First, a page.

January 1, 2002
By Bruce Landsberg
Bruce Landsberg has served as executive director of the AOPA Air Safety Foundation since 1992.
A fundamental truth is that the pilots who don't come to safety seminars are precisely the ones who need them the most.
There are no new ways, at least as of press time, to crash airplanes. All the originality is gone and the honor of doing so is a Pyrrhic victory anyway—you don't get to enjoy the notoriety. In matters of safety, the best and perhaps only strategy is to learn from the other guys' mistakes.
But just try to keep up. The planet's rate of rotation is about the same as it's always been but the data deluge from television, radio, the Web, and even print media engulfs most of us. Much of it is marketing effluent designed to sell something that we weren't looking for in the first place. That's the nature of business in America, but for those who know where to look there are some terrific places to learn more about our favorite activity—aviation.
Live seminars are a great way to learn, especially if you've got a professional instructor and a quality program, but they are expensive to stage, logistically complex, and it just isn't possible to get to all the towns, hamlets, and burgs on a schedule that meets everyone's need. Last year, your AOPA Air Safety Foundation went to more than 150 places, working with our friends in the FAA's Aviation Safety Program to conduct free seminars that were open to all pilots. I know of few other activities, either professional or avocational, that have such a robust education program at such a great price. And yet, relatively few pilots attend. Thousands of pilots came to the live seminars but many thousands more couldn't make it, either because of choice, location, or schedule conflict.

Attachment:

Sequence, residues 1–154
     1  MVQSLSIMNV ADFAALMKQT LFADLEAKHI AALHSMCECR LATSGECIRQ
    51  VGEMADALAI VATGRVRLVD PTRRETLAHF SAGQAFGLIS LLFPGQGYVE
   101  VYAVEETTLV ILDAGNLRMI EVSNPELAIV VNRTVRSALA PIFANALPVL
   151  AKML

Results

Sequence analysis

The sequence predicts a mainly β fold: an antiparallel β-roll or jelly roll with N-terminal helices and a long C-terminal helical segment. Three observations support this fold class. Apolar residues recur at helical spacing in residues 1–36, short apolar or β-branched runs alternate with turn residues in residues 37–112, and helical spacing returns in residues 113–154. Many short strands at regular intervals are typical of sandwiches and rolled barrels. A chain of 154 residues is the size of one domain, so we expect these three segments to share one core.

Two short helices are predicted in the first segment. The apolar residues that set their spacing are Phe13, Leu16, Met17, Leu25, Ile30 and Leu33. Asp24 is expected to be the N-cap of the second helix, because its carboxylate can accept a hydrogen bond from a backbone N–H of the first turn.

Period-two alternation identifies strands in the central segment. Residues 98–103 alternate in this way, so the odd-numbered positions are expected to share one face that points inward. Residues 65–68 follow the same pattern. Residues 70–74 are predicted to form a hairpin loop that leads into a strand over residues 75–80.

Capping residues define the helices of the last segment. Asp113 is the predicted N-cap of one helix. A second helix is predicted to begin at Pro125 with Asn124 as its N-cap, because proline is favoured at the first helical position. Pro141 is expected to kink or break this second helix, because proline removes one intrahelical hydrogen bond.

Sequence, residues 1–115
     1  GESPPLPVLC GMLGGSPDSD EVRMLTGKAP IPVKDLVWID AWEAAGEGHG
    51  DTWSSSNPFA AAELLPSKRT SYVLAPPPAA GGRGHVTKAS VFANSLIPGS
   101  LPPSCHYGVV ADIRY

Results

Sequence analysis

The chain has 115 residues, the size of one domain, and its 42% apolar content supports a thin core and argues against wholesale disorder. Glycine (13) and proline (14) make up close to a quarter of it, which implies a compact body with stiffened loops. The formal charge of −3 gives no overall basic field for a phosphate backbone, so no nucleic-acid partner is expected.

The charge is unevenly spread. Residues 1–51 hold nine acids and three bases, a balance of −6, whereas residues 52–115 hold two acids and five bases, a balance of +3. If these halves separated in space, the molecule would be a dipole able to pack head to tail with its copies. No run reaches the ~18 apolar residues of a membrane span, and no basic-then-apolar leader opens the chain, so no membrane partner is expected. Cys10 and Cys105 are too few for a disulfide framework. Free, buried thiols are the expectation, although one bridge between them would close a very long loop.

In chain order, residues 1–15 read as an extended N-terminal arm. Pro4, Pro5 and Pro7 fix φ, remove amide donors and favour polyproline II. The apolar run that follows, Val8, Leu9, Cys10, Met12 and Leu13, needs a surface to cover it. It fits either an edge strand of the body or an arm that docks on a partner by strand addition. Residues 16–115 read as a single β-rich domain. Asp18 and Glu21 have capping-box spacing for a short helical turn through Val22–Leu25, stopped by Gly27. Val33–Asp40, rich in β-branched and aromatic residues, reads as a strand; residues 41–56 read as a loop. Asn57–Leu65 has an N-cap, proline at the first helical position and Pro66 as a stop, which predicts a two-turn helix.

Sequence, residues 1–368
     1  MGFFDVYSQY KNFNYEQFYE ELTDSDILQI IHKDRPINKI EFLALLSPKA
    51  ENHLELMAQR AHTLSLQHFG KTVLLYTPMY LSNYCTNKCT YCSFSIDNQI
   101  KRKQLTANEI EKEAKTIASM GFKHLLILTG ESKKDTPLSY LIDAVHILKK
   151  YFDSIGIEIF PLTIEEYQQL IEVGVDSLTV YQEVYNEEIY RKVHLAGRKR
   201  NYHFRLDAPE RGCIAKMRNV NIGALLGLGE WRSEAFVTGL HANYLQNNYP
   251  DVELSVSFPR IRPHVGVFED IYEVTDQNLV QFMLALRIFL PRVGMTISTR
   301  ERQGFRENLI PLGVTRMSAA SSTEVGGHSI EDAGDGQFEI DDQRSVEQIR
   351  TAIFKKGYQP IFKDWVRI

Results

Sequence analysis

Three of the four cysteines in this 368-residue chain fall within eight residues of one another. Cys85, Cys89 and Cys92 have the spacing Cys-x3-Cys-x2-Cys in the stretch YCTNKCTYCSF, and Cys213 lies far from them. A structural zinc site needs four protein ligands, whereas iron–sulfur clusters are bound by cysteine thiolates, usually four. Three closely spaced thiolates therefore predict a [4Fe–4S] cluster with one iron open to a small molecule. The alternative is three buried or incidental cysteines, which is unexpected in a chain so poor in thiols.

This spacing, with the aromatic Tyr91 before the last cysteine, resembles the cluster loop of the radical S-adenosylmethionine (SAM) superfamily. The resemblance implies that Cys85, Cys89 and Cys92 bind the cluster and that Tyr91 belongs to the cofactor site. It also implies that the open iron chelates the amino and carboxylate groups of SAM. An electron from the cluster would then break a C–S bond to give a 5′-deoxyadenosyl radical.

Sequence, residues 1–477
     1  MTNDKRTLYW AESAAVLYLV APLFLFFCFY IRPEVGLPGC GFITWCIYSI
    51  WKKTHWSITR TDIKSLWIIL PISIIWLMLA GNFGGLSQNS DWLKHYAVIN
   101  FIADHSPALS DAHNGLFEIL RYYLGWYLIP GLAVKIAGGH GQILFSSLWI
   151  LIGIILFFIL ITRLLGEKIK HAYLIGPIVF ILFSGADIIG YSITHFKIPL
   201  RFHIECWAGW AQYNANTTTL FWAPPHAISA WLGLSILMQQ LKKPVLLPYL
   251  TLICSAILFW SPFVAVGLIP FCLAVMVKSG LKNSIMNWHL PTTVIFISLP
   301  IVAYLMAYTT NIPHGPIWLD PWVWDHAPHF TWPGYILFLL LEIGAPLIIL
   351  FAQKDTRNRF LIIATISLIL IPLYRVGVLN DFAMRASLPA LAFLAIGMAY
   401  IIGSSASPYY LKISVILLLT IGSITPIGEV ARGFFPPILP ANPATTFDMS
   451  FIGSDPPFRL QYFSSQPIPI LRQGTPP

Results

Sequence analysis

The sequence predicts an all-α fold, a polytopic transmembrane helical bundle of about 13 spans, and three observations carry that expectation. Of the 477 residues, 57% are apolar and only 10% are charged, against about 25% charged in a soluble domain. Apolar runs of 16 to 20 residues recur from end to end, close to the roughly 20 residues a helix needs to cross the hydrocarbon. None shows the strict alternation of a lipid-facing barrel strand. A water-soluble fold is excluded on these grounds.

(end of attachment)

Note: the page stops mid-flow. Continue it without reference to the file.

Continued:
One answer is to go online—it's not the same as a live seminar, to be sure. But there is certifiable educational value. In the past year, ASF created four safety courses for the Internet. The first was an award-winning program on runway safety. It is interactive with animated graphics, audio tracks, and many questions to test retention. Ground signs and paint markings are confusing to some pilots. What is the proper way to get ready for an arrival or departure at a busy towered airport? How important is the sterile cockpit? What's the proper phraseology so you don't sound like a rube? Land-and-hold-short operations are always an opportunity for a bad encounter. Invest the 30 minutes it takes to complete this program on something that everyone thinks they know. You may be surprised. Pilots who complete the course with an 80 percent score can download a certificate that counts for the ground portion of the FAA's Wings program. Visit the Web site.
More than 1,500 pilots a month are going through the course. Is it worth your time? Here are a few comments:
"Loved the program, and very nicely done. As someone who has difficulty getting to the live programs because of work, these types of interactive programs that allow you to study when you can make a difference. I'd love to see more."